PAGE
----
The Ardross-man


June 2016

Paint remover


That’s all the painting done – well, at least that’s all the painting I’m going to do, done. ūüėÉ

Now I need to remove all the paint, brushes, trays, rollers and dust sheets from the hall and kitchen and then comes the job of cleaning the hall, unpacking and putting out the equipment.

I’m getting there. ūüĎć

Kitchen / Reception

The kitchen area was a huge eyesore with 1950’s style peeling wallpaper, 1970’s ripped lino, mould everywhere, a broken water boiler and walls so damp and rotten you could stick your hand straight through them.

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It also had a reception / service desk which stuck out half way across corridor partially blocking the doorway. This meant that if we ever got a wheelchair user visiting our Centre, they couldn’t get past the kitchen area for the desk and would have to enter the side door of the hall room and come out of the middle door to get past it.

The problem wasDSC01765, when I took off the wallpaper, it also took a lot of the plaster walls with it – so the whole room had to be re-plastered.

The leaks in the roof had to be repaired.

The ceiling had to cleaned then painted – four times!

The walls had to be painted – four times!

The woodwork then had to be painted in undercoat and the again in matt paint.

I managed to get a fridge freezer for free but we had to get a socket added to plug it in. LOL

The floor then had to be uplifted, cleaned and a new lino put down.

Lastly, a new reception desk was built and a swivel chair added so we can work at the desk whilst inviting people into the Centre.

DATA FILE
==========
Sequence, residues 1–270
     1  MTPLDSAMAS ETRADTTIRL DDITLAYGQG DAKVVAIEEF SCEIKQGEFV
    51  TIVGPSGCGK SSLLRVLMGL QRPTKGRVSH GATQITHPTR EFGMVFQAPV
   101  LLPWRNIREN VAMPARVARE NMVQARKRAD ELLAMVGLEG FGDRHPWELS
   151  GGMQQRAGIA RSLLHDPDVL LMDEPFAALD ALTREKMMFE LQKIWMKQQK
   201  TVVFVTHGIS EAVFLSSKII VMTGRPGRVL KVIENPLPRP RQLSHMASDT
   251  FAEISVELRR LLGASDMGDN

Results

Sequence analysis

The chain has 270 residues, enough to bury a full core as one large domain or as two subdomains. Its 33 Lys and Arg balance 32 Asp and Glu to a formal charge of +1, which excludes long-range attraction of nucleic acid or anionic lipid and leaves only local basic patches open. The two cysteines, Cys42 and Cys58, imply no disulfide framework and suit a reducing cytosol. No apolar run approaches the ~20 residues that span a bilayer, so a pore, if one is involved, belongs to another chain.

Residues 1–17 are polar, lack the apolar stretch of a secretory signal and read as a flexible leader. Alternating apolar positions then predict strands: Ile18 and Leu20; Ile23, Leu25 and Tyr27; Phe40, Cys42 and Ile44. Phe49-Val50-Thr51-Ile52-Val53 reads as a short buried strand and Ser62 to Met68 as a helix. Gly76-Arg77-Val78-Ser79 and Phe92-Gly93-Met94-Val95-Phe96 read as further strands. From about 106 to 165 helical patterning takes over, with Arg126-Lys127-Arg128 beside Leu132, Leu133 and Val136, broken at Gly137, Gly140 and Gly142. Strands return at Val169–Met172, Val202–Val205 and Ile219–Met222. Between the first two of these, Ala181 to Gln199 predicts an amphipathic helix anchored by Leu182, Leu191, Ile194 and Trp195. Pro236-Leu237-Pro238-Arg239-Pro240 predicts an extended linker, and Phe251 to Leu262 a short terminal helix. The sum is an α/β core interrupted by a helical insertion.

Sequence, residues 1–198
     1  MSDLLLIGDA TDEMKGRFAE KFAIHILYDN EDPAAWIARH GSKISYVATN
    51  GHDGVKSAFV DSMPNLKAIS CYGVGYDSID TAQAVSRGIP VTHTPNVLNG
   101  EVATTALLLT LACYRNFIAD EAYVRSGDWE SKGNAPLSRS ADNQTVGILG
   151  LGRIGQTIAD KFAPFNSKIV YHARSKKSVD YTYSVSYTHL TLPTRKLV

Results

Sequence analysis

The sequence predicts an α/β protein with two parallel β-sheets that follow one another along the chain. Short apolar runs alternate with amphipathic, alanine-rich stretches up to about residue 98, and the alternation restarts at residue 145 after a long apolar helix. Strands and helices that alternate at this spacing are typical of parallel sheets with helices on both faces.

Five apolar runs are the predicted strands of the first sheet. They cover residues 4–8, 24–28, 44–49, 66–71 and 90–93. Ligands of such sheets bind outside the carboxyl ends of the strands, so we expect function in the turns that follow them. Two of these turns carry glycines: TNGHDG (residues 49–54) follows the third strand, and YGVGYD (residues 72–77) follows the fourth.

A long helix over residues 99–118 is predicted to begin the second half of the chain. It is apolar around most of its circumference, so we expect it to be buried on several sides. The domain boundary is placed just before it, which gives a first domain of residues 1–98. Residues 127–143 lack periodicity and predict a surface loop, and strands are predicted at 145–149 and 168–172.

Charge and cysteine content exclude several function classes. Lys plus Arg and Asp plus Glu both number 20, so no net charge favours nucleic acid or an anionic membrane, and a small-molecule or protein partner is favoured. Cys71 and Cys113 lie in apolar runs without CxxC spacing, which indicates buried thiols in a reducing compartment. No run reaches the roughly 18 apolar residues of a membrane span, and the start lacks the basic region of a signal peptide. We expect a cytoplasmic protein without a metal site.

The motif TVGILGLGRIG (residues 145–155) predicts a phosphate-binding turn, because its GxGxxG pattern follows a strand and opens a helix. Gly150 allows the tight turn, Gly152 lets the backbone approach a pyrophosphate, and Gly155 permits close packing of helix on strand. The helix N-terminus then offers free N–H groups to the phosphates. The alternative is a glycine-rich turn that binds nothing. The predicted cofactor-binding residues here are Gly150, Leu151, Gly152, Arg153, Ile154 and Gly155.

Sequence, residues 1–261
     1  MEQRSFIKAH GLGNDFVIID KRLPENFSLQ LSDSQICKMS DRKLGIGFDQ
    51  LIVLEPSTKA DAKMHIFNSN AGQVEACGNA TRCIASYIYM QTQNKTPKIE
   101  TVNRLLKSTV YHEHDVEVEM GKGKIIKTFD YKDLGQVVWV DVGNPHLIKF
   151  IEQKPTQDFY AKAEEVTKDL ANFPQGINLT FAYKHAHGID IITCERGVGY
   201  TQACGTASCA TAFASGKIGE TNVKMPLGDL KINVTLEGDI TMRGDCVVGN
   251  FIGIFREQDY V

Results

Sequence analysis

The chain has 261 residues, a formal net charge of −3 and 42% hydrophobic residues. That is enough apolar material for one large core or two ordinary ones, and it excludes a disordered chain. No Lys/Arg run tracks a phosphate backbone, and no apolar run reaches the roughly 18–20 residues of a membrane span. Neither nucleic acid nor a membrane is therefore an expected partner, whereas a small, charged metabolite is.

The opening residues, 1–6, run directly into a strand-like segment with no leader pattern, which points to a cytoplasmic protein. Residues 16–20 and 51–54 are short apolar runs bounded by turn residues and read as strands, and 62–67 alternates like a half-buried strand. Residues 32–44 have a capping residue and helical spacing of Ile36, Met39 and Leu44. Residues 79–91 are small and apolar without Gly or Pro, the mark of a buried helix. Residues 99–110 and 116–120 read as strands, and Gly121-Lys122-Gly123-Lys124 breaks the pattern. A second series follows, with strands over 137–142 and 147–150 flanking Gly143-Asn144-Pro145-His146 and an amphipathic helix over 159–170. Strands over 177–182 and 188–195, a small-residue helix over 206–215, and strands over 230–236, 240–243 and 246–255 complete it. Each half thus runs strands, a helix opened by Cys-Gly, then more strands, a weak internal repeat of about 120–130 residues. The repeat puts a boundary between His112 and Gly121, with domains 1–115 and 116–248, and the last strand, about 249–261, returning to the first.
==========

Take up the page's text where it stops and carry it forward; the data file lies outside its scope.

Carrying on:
I hope you like the finished look.



New look corridor

For the last week, I’ve been plastering, sanding, cleaning, painting and repairing the corridor leading into our hall area. See what you think with these before and after shots;

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Admittedly, these photos only look like a colour change but I can assure you, this was a hell of a job.

Thanks must go again to Paul Marchetti and his team for taking down and replacing the corridor ceiling – a job I just couldn’t do myself – and for a fraction of his usual fees. You’re a gentleman, sir.

Watch out for some more ‘Before & After’ posts coming soon as I finish work on the storage entrance, kitchen/reception area and the hall itself………’s getting exciting. ūüėÄ


Famous fags

Now before any American readers get upset about the title of this post – a fag in the UK is a slang term for a cigarette. ūüėÄ

You see, I found this old empty packet of Capstan Navy Cut cigarettes in the attic of the hall at Barony St. John in Ardrossan.

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And I was keen to find a date for this packet, so I searched the internet to try to match it (if any readers remember smoking these and this particular packet design, please let me know).

There were a few advertising signs showing a Capstan cigarette packet with slightly different wording or a completely different design –

capstan capstan1

And a number of different posters and newspaper adverts, again showing slightly different packets –

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Old advertising sign for "Capstan cigarettes, around 1950, Armscote, Warwickshire, England, United Kingdom, Europe

It seems that a lot of actors advertised these cigarettes from Evelyn Laye (an English theatre and musical actress popular in the 1920’s) to British Hollywood star David Niven.